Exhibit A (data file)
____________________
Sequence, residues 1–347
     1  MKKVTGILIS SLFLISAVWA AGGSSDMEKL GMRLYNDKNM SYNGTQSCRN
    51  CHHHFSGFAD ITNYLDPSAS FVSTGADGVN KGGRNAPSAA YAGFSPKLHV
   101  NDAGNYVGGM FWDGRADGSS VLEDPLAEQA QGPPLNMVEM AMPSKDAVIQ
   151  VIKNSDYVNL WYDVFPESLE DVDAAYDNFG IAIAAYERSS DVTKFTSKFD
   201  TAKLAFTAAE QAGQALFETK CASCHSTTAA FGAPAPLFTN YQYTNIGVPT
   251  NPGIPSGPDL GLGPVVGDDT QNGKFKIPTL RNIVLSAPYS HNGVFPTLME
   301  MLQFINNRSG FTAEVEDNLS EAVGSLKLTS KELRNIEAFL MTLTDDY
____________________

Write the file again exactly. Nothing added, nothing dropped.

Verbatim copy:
Sequence, residues 1–347
     1  MKKVTGILIS SLFLISAVWA AGGSSDMEKL GMRLYNDKNM SYNGTQSCRN
    51  CHHHFSGFAD ITNYLDPSAS FVSTGADGVN KGGRNAPSAA YAGFSPKLHV
   101  NDAGNYVGGM FWDGRADGSS VLEDPLAEQA QGPPLNMVEM AMPSKDAVIQ
   151  VIKNSDYVNL WYDVFPESLE DVDAAYDNFG IAIAAYERSS DVTKFTSKFD
   201  TAKLAFTAAE QAGQALFETK CASCHSTTAA FGAPAPLFTN YQYTNIGVPT
   251  NPGIPSGPDL GLGPVVGDDT QNGKFKIPTL RNIVLSAPYS HNGVFPTLME
   301  MLQFINNRSG FTAEVEDNLS EAVGSLKLTS KELRNIEAFL MTLTDDY